Suggestion for Secure Sharing

benfdcbenfdc Perspective Giving Member
edited May 2013 in iOS

I was unspeakably disappointed to read in the blog that AgileBits has added to 1P/iOS an option for insecurely sharing passwords without also offering an option to securely share passwords.

I am unspeakably horrified (and, truth be told, mildly enraged) that you offer an "obfuscate" option. Export > Selected > Encrypted Web Page was dropped from 1P/Mac 3.6 on the ground that it wasn't super-strong and that a false sense of security is worse than no security. You have now built a sharing option that offers your users a false sense of security.

Allow me to offer a suggestion for implementing secure password sharing.

Every 1Password item gets a new field: Sharing password. Initially there is no field into which a user can type a password, only a Generate button that produces a seven-word Diceware-ish passphrase. Once the passphrase has been generated, an edit button appears after the generate button. This procedure will make sharing secure by default but allow a user who wants diminished security to achieve it.

When a user tries to share an item, the choices offered are plaintext and secure. If secure is chosen and a sharing password already exists, it is used. If not, 1Password generates a seven-word Diceware-ish passphrase and offers the same generate and edit buttons. When the secure share is sent, the sharing password is stored into the item.

The transmitted 1PIF never contains the sharing password.

The recipient must type in the sharing password in order to import the item, and the item is saved with the sharing password.

The sharing password need only be generated and communicated the first time that an item is shared, because in subsequent exchanges 1Password already knows how to encrypt and decrypt the item.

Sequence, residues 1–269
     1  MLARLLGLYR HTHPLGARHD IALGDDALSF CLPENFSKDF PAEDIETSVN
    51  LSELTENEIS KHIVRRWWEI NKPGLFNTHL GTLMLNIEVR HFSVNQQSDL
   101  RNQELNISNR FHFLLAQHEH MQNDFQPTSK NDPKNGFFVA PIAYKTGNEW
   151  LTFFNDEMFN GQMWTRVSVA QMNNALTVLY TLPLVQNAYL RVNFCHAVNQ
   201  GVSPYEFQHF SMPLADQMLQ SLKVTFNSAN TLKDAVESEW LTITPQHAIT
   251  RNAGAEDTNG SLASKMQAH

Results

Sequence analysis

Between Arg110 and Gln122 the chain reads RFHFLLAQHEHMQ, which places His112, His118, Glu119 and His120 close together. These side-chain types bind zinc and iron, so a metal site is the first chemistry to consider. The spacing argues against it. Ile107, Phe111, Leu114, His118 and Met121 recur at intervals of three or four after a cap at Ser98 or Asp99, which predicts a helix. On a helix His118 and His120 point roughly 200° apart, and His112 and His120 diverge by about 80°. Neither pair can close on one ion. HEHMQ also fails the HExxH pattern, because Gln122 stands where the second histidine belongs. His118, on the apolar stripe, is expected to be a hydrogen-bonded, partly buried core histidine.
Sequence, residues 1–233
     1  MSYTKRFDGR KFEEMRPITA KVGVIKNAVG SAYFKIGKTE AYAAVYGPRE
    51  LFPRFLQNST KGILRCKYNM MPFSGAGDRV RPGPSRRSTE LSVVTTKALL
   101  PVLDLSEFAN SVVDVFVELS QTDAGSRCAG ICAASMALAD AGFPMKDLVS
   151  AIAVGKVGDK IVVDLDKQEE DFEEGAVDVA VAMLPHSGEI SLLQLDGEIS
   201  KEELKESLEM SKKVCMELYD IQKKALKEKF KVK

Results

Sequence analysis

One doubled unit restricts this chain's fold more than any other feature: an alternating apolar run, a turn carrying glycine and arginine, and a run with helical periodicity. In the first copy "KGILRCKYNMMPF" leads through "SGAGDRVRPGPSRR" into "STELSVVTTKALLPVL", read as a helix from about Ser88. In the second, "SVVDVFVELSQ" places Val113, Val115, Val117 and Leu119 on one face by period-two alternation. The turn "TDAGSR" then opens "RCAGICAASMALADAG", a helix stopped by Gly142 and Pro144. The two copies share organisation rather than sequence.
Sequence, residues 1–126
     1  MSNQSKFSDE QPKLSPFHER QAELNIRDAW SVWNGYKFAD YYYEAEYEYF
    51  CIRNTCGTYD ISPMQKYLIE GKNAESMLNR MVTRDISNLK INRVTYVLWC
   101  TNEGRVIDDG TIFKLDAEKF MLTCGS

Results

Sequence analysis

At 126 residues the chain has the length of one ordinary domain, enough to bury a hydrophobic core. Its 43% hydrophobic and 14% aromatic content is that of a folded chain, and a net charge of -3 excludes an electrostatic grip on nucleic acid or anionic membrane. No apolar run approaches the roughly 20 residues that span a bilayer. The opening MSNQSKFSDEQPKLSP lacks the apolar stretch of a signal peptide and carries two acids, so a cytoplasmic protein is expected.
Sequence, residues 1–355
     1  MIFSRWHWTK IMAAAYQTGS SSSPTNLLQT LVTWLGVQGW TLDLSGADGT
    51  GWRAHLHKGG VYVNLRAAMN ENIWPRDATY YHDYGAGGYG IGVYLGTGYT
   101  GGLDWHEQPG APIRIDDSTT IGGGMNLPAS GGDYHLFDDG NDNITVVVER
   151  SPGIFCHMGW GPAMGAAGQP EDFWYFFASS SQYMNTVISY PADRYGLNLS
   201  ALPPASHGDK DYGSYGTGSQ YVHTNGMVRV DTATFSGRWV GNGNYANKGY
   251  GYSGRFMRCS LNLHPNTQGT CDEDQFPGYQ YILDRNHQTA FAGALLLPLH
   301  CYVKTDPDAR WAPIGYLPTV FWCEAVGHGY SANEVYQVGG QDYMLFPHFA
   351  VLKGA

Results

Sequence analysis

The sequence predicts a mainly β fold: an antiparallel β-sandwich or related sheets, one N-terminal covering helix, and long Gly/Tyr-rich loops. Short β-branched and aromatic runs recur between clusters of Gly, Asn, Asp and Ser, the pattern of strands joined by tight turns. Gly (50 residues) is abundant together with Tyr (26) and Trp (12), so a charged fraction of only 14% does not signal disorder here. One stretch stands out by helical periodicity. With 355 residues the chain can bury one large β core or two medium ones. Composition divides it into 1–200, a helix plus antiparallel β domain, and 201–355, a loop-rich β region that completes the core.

I can think of lots of tweaks, such as an option to assign a sharing password to a folder that would be inherited by all items in that folder, but the perfect is the enemy of the good. Just do it.

Whether or not you implement a mechanism for secure sharing along these lines, please either get rid of the obfuscate button or give us back Export > Selected > Encrypted Web Page, because so far as I can see there is no conceivable justification for offering your users the one without the other.

—Ben F

Comments

  • benfdcbenfdc Perspective Giving Member
    edited May 2013

    Also, how about releasing free viewers for securely-shared items on all platforms? It's win-win. I can securely share share stuff with people whether or not they already have 1Password, I'm effectively promoting your product, it may be less intrusive than asking folks to download and install a free trial, and it would keep working even if my correspondent opts not to purchase 1P. Alternatively, create free viewers for your mobile apps and allow the Windows and Mac trial versions to continue importing secured 1PIFs even after the free trial expires.

    I frequently use LastPass for secure sharing with non-1Password users, but if there were free 1P viewer apps out there then I would probably use secure 1Password sharing more often than not. I'd rather evangelize 1P than LP if given the choice, but right now I feel that I don't really have the choice.

  • jpgoldbergjpgoldberg Agile Customer Care

    Team Member

    Hi Ben,

    Thanks for the honesty of your remarks and for your suggestions.

    The decision to offer non-encrypted sharing wasn't an easy one. And it remains to be seen whether we've given people a tool with which they will shoot themselves in the foot or something that will be used appropriately to fill a real need.

    Obviously, we would like to have a quick, easy, secure method of sharing that will work for people. Your suggestion of having a secret key that both parties to sharing have access to is certainly one option that we've been looking at. A public key system is another way to go.

    All of these require substantial setup by the users to do the initial key exchange. Once we find a way to make that really simple for people and actually works, then we may be in a position to replace what we have with a more secure sharing mechanism.